Race and Racism From Pre-Revolutionary America to the Civil War
By the 1880s, Southern whites had created the Jim Crow system, which enforced racial segregation throughout the South. Only with the advent of the civil rights movement would African-Americans succeed in dismantling this system of local oppression—with the help of Northern supporters and, crucially, a newly engaged federal government under President Lyndon B. Johnson. This account creates two false narratives: it presents institutionalized segregation as a Southern-only problem, and it sets American history on an upward trajectory from oppression to freedom. We miss the national roots of America’s segregation problem because we assume that the battle over slavery predated the fight for black citizenship, and that segregation struggles were a re-run of North versus South. On the contrary, the obstacles to integration in America were an offshoot of the nation’s revolutionary ideology as well as its long history of racial exploitation.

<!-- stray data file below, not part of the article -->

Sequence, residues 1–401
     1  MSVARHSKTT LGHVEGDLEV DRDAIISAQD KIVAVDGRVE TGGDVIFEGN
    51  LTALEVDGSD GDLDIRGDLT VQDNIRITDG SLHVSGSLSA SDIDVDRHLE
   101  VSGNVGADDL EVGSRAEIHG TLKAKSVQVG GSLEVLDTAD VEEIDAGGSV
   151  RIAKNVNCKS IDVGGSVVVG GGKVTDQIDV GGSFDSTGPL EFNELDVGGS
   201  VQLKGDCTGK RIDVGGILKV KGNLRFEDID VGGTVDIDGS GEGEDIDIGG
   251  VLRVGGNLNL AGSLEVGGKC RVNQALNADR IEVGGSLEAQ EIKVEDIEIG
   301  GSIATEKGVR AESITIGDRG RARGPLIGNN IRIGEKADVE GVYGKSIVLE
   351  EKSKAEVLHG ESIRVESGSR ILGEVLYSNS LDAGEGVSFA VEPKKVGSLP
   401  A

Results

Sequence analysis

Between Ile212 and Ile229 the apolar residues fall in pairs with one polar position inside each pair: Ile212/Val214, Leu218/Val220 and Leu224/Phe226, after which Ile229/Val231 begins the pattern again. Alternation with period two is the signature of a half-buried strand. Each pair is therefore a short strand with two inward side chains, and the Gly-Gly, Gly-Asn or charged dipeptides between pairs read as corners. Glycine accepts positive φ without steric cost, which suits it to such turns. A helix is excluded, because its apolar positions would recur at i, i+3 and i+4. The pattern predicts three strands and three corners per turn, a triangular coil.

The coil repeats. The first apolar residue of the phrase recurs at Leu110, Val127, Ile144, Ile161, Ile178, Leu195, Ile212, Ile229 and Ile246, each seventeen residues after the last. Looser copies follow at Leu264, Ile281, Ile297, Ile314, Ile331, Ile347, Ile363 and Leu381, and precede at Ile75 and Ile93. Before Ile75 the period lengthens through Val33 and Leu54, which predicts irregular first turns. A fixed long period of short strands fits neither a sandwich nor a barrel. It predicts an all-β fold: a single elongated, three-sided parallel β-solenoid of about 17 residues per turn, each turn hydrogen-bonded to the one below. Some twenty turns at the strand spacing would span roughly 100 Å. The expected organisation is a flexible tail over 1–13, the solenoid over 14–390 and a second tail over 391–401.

As a result, resolution on the community and societal levels can occur.
François Furstenberg, “Beyond Freedom and Slavery: Autonomy, Virtue, and Resistance in Early American Political Discourse,” The Journal of American History, v. 89, 4 (March 2003), p. 1298; Jared Hardesty, Slavery and Dependence in Eighteenth-Century Boston (New York University Press, 2016)
(Ceasar Sarter (former slave), “Essay on Slavery,” The Essex Journal and Merrimack Packet, August 17, 1774
Richard S. Newman, The Transformation of American Abolitionism: Fighting Slavery in the Early Republic (University of North Carolina Press, 2002).